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Bring Your Roadblocks to next Sunday's Genealogy Mtg.

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  • SusanneLevitsky@aol.com
    Unbricking the Brick Walls Sunday, October 12, 2008, 10 a.m. Jewish Genealogical Society of Sacramento Albert Einstein Residence Center, 1935 Wright Street,
    Message 1 of 1 , Oct 5, 2008

      Unbricking the Brick Walls

      Sunday, October 12, 2008, 10 a.m.


      Jewish Genealogical Society of Sacramento

      Albert Einstein Residence Center, 1935 Wright Street, Sacramento


      Whether you’re a newcomer to researching your family tree or a longtime genealogist, sooner or later you find yourself stumped.  Why isn’t Aunt Minnie in the Ellis Island database?  Where is Grandpa Myron in the 1880 census?  You have a town name, but don’t have a clue as to what country it is now. 


      Bring your tough questions and take advantage of the collective wisdom of our members.  In past sessions, we’ve been able to offer good suggestions to help people surmount their research problems.  It's also prompted some spirited discussions.


      All are welcome to attend the Sunday, October 12, 10 a.m. meeting at the Albert Einstein Residence Center, 1935 Wright St., Sacramento  



      Ellis Island adding histories of Indians, slaves, new arrivals

      By Mercury News Wire Services

      Article Launched: 09/25/2008 02:00:12 PM PDT

      NEW YORKEllis Island is expanding its story of U.S. immigration history, including for the first time American Indians and African slaves. Modern-day arrivals also will be added.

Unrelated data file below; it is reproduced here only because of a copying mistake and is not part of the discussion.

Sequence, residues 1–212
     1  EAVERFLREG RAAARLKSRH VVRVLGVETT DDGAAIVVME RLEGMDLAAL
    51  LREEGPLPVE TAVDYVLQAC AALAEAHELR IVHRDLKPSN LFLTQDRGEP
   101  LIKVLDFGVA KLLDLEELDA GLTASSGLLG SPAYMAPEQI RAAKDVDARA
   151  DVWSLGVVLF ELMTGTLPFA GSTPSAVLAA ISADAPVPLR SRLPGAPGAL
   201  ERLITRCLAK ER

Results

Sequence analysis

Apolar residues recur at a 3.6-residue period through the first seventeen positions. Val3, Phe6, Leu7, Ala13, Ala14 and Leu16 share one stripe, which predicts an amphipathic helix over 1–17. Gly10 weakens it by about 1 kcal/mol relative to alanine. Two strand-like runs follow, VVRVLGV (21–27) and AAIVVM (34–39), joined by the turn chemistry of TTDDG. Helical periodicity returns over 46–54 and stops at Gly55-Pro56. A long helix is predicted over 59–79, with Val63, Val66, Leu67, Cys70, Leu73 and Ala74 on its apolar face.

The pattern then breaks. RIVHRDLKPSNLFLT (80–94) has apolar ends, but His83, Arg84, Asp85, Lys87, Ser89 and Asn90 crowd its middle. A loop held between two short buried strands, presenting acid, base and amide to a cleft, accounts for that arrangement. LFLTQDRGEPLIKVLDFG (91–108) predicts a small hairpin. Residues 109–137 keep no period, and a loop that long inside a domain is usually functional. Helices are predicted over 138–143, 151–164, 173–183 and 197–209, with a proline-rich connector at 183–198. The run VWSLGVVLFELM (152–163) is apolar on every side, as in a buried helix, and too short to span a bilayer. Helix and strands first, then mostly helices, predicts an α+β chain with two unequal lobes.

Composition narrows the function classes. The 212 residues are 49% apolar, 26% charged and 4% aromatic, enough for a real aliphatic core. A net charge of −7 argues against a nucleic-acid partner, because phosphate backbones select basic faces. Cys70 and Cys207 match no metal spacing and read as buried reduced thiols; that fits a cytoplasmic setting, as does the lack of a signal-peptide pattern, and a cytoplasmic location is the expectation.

A new center being created within the Ellis Island Immigration Museum will tell the history of arrivals both before and after the peak immigration era in the United States of 1892 to 1954, the Statue of Liberty-Ellis Island Foundation and U.S. Interior Secretary Dirk Kempthorne said Wednesday.


      The story of the migration to America "goes back to the beginning of the country and comes up to the present. So there were a good number of people whose stories weren't told at Ellis Island," said Stephen Briganti, the foundation's president and chief executive.


      Exhibits will include American Indians, Africans brought here forcibly by slave traders, Europeans who landed on the Eastern seaboard from the 1600s through 1892 and today's immigrants from around the globe.


      "It's an important story to tell because Ellis Island is a symbol of inclusion, it's a symbol of diversity and that's what this country is," Briganti said.


      Although the new exhibition will touch on the story of illegal immigrants, it will keep its focus on citizenship, an emphasis that was underscored on Wednesday when a dozen men and women, most of them in the armed forces, were sworn in as citizens after the expansion announcement.


      When the Peopling of America Center is completed in 2011, the full museum will be renamed Ellis Island: The National Museum of Immigration. Interactive exhibits will trace how waves of immigration changed American towns and will allow visitors to trace their family's history.


      The $20 million, 20,000-square-foot center, designed by Edwin Schlossberg of ESI Design, will use space that had been an existing gallery and an adjoining building used by museum staff.

      Briganti said the foundation has met more than 75 percent of its fundraising goal.

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